Leiomyoma (70) is derived from the arrector pili muscle of hair follicles or from muscle fibers present in the wall of blood vessels. In the multiple familial type, lesions are distributed over neck and limbs. Onset is in childhood and tumors are red, pink, or brown. A characteristic feature is that pain can be elicited by pressure or low temperature. Also, lesions may shrink when the skin is chilled. The solitary leiomyoma occurs anywhere in the body including the nipple and areola. It is also painful. On histopathological examination there are interlacing fascicles of smooth muscle cells with elongated, blunt, cigar-shaped nuclei.

Surgical excision is the treatment of choice for these tumors.


Basal Cell Carcinoma |

Basal cell carcinoma (BCC) is the most common of human cancers (Table 2). It >3

develops from the epidermis at the level of the bulge region of hair follicles. Most studies favor unicentric origin. Multiple risk factors are recognized, including ultraviolet (UV) and ionizing radiation, arsenic, chronic wounds, immunosuppression, § and reduced DNA-repair mechanisms. The most significant is chronic exposure to @

Table 2 Malignant Tumors of the Skin

Basal cell carcinoma Superfical multicentric Nodular Morpheaform Fibroepithelioma of Pinkus Squamous cell carcinoma

1. In situ

Bowen's disease Erythroplasia of Queyrat

2. Invasive

3. Verrucous

Buschke- Lowenstein tumor Oral florid papillomatosis Carcinoma cuniculatum Keratoacanthoma

Common solitary keratoacanthoma Giant keratoacanthoma Keratoacanthoma centrifugum marginatum

Multiple self-Healing keratoacanthoma (Ferguson-Smith syndrome) Eruptive keratoacanthoma of the Gryzbowski type Malignant melanoma

Superficial spreading melanoma Nodular melanoma Lentigo maligna melanoma Acral lentiginous melanoma Amelanotic melanoma Desmoplastic neurotrophic Adnexal carcinomas

1. Hair follicles: Pilomatrix carcinoma

2. Sweat Glands

Microcystic adnexal carcinoma Malignant eccrine spiradenoma Malignant chondroid syringoma Eccrine porocarcinoma Malignant clear cell hidradenoma Eccrine mucinous carcinoma Primary cutaneous adenoid cystic carcinoma Malignant cylindroma Paget's disease of the nipple Extramammary Paget's disease Malignant hidradenoma papilliferum Apocrine carcinoma

3. Sebaceous glands: Sebaceous Gland Carcinoma Merkel cell carcinoma


1. Fibrous tissue >3


Dermatofibrosarcoma protuberans

Table 2 (Continued)

Atypical fibroxanthoma Malignant fibrous histiocytoma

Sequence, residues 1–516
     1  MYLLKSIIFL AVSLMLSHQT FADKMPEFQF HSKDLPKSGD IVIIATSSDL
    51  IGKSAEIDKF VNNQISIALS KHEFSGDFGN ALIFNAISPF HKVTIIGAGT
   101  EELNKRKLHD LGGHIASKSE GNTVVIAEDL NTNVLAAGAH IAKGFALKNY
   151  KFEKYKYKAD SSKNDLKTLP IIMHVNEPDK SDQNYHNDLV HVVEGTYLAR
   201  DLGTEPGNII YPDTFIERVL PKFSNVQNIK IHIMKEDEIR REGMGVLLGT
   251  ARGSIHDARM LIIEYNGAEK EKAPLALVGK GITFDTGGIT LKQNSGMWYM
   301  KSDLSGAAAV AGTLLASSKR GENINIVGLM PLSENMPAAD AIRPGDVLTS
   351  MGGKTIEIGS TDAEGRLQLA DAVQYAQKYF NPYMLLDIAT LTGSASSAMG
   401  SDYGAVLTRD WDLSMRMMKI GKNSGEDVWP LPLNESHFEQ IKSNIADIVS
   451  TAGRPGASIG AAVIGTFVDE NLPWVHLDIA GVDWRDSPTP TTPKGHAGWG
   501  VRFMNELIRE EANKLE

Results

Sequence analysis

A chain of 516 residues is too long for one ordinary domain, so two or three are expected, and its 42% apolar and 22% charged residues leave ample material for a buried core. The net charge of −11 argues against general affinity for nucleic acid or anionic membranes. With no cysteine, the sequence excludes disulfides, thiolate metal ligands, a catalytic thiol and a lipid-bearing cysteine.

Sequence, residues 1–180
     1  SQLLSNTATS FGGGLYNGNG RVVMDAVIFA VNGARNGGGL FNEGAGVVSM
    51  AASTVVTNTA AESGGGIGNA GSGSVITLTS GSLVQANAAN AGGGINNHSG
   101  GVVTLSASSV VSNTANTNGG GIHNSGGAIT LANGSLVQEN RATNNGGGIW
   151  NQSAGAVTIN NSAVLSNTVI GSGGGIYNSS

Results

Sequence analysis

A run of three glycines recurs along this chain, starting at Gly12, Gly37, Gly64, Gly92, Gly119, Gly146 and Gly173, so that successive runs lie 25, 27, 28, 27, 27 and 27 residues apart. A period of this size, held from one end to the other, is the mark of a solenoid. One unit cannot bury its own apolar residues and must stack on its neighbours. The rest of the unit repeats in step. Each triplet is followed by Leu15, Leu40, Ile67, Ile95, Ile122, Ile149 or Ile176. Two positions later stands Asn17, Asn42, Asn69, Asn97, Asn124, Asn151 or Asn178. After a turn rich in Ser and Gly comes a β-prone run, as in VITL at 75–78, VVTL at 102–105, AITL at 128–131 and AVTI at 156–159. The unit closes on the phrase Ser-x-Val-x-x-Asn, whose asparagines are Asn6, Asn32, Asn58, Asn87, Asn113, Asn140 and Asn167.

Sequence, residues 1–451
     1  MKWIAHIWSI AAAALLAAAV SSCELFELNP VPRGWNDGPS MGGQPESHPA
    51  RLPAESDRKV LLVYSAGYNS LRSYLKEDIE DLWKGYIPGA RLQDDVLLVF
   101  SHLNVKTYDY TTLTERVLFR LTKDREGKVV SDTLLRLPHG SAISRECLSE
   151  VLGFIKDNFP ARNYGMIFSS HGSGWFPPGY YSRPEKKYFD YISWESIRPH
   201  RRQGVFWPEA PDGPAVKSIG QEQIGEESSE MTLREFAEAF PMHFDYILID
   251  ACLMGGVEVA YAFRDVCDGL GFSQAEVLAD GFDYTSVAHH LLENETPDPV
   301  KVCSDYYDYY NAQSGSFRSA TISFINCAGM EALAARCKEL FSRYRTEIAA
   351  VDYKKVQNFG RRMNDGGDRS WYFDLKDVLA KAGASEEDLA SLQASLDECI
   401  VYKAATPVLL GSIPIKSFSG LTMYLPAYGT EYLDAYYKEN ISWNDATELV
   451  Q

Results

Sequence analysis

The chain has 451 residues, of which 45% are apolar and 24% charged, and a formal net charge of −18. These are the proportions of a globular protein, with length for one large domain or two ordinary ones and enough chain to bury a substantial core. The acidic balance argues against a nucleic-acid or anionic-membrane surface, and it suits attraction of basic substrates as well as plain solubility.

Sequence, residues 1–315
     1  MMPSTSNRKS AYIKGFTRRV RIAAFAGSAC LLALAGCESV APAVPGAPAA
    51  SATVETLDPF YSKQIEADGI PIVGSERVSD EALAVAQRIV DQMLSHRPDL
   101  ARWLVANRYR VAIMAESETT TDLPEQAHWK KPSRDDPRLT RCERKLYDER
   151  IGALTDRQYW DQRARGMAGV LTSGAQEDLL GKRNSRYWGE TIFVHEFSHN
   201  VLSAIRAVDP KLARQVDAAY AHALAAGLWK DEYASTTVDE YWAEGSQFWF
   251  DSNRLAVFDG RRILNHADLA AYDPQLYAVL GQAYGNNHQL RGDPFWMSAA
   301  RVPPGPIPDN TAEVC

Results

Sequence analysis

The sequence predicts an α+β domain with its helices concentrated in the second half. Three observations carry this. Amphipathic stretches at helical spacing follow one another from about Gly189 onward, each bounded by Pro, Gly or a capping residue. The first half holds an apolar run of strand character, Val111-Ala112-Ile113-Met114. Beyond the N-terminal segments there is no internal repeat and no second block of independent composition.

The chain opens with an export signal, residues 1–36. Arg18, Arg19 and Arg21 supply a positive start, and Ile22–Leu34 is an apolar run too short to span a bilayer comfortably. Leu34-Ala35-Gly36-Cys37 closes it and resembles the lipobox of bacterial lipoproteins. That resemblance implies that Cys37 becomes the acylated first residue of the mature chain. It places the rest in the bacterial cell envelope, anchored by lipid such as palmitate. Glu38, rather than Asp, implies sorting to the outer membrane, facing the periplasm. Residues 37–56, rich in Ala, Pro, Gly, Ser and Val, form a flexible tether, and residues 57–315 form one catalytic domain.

2. Vascular tissue

Angiosarcoma Kaposi's sarcoma Hemangiopericytoma

3. Muscular tissue

Leiomyosarcoma Cutaneous rhabdomyosarcoma

4. Neural tissue

Malignant peripheral nerve sheath tumor Malignant granular cell tumor

5. Liposarcoma

6. Epithelioid sarcoma Cancer metastatic to the skin

UV radiation in individuals with fair skin, blue eyes, blond hair, and poor tanning ability. Estimates in the Unites States indicate approximately 700,000 new BCCs every year (71). The tumor occurs most frequently in individuals 60 years of age and older and predominates in men. BCC is more common in Whites in whom it forms 70% of skin cancers, compared to 24% in Japanese, and 8% in African-Americans. Approximately 80% of tumors involve the head and neck regions, with almost 30% affecting the nose. Up to 13% of cases present with multiple BCCs, and patients with only one lesion have a cumulative 5 year risk of 45% of showing another BCC (72). The nevoid basal cell carcinoma syndrome (Gorlin's syndrome) is characterized by innumerable BCCs, jaw cysts, palmar and plantar pits, skeletal abnormalities, and calcification of the falx cerebri (73).

Nodular BCC is a translucent pearly papule or nodule with telangiectasias (Fig. 18). It frequently ulcerates, hence the term rodent ulcer. Approximately 70% of tumors belong to this variety, with 7% showing hyperpigmentation due to melanin (pigmented BCC).

Superficial BCC appears as an erythematous scaly patch of variable size. It may contain some areas of atrophy, hypopigmentation and scarring. It resembles tinea, psoriasis, or eczema clinically.

Morpheaform BCC is an indistinct white-to-yellow plaque with marked induration and surface telangiectasias. It is also termed desmoplastic or sclerosing BCC (Fig. 19).

Fibroepithelioma of Pinkus resembles a benign fibroma: the lesion is a smooth, pedunculated, erythematous nodule occurring on the back (Fig. 20).

On histological examination BCC shows islands of basaloid cells with peripheral palisading and tumor-stromal separation artifact (Fig. 21). Occasionally, the cells show features of both BCC and squamous cell carcinoma and the term basos-quamous carcinoma is applied (74). Overall, there are four main histological patterns:

described above, some with cystic degeneration.

Nodular BCC: Approximately 70% of tumors show basaloid nodules as §

Figure 18 Nodular basal cell carcinoma of the nose. This lesion shows characteristic pearly border and surface telangiectasias.

Figure 19 Morpheaform basal cell carcinoma on the midcentral forehead. The plaque is slightly depressed, indurated, and hypopigmented. This variety of basal cell carcinoma is characterized by extensive subclinical extension and aggressive histologic characteristics.

Figure 21 Typical nodular basal cell carcinoma shows multiple nodules of basophilic epithelial cells with peripheral palisading.

Superficial BCC: Ten percent of tumors show small buds of basaloid cells arising from the epidermis. It is difficult to delineate lateral margins.

Micronodular BCC: Smaller round lobules or buds with marked subclinical extension.

Aggressive growth BCC: Nearly 10%-15% of cases comprise this group. The morpheaform or sclerosing variety is characterized by small spiky islands in a markedly sclerotic stroma. The infiltrative type shows, in addition, a variable nodular component.

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